University Aims for Carbon Neutrality by 2025, All-Electric Fleet by 2035
By Liam Farrell
President Darryll J. Pines’ new goal of carbon neutrality by 2025 dramatically speeds up the original date of 2050, in part through infrastructure improvements like solar panels on parking garages.
The University of Maryland is redoubling its efforts to fight climate change, committing to carbon neutrality by 2025 through a mix of infrastructure improvement, electric vehicle purchases and targeted investments in sustainability.
UMD President Darryll J. Pines announced the new goal, which lops a quarter century off a previous plan to achieve carbon neutrality by 2050, during his inauguration speech last week.
“We must continue our academic leadership in research, education and service relative to climate science, sustainability and environmental stewardship of our natural resources. I challenge our faculty to become leaders in developing solutions to one of the grand challenges of our time,” he said during the Earth Day address. “We all must become climate ambassadors.”
Carlo Colella, vice president and chief administrative officer, said UMD is well positioned to take advantage of the growing cost-effectiveness of renewable energy such as solar and wind power over fossil fuels. In addition, through a public-private partnership called the NextGen Energy Program, the university will kick off a plan next year to replace, renew and modernize UMD’s aging energy system, which provides heating, cooling and electric services to campus.
To make the university fleet more efficient, its approximately 1,000 light-duty trucks and vehicles will be replaced with electric models as current vehicles wear out. Light electric and gas vehicles are relatively comparable right now in terms of cost, Colella said, and the administration will continue to search for grants and other financial incentives to make it more feasible to replace costly vehicles like diesel buses.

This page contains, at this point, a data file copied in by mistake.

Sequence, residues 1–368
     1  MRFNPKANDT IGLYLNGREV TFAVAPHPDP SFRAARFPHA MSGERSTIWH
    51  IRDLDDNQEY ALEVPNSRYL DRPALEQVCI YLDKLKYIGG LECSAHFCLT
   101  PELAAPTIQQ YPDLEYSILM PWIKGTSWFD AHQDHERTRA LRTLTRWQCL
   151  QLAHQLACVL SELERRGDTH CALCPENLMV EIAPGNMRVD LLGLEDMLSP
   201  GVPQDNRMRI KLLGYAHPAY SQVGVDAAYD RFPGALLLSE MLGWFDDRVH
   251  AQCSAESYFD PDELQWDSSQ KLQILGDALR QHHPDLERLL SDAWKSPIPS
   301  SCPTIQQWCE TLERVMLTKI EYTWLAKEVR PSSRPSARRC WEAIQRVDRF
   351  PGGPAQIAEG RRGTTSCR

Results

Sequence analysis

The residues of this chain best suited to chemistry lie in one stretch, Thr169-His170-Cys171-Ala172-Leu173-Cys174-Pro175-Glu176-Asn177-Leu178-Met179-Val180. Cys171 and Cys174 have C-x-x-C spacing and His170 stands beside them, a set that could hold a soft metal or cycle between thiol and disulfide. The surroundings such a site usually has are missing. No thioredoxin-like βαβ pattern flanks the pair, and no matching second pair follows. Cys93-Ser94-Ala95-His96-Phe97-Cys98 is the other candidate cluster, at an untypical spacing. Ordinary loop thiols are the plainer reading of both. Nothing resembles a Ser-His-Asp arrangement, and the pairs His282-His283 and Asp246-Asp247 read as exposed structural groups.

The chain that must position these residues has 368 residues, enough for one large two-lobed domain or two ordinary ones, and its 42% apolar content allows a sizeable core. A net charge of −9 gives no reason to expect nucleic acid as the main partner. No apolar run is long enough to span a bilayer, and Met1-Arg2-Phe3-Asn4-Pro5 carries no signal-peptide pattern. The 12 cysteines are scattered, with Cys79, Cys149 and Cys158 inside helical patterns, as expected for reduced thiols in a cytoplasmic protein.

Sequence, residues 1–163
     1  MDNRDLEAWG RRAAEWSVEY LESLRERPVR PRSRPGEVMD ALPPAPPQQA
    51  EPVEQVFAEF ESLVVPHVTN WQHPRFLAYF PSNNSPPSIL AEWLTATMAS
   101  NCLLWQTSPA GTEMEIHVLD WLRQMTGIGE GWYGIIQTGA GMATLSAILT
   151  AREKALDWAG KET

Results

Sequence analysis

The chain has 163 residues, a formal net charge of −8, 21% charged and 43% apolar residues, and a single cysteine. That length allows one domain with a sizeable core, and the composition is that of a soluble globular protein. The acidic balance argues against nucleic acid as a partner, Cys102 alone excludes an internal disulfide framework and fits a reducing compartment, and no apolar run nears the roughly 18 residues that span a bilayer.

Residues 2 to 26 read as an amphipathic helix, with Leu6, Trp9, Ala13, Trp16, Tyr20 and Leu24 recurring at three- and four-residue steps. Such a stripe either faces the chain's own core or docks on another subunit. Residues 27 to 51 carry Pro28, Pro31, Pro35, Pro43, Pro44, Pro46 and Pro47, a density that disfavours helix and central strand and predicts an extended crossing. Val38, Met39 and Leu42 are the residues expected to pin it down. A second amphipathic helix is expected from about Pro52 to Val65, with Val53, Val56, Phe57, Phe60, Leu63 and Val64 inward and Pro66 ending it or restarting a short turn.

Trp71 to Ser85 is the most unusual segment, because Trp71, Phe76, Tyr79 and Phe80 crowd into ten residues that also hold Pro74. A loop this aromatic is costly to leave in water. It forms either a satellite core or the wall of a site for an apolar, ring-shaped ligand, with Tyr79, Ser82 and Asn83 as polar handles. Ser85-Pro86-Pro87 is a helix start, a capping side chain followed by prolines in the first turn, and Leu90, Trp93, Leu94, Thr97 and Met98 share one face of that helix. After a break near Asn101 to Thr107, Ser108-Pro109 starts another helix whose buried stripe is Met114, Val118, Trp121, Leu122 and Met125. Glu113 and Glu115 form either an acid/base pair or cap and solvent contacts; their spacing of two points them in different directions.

As the university continues to track emerging technologies that allow for incorporation of low- and zero-emission fuel options, carbon offsets—verified investments that go toward projects to cut greenhouse gases elsewhere to compensate for campus emissions—will for now remain a piece of the puzzle. Offsets are purchased in a competitive bid process, and have included projects such as building wind farms, planting trees and capturing methane (a gas with far more powerful greenhouse effects than carbon dioxide) emitted from landfills.
“We are in a good place, and we got there by improving a lot of efficiencies and purchasing offsets,” Colella said, noting that UMD was already more than halfway to the previous 2050 target. “That’s great progress to build upon.”
The larger picture of what carbon neutrality will cost and when it will be possible at UMD without purchasing offsets will depend heavily on how the nation’s energy and sustainability sectors evolve, Colella said. Another factor is the availability of governmental support for green initiatives following President Joe Biden’s call last week to slash U.S. emissions to half of 2005 levels by 2030. In just a short period of time, Colella said, environmentally friendly power and infrastructure options could move from cost-prohibitive to cost-competitive.
“It’s our obligation to be good stewards,” he said. “We all have to prioritize this.”
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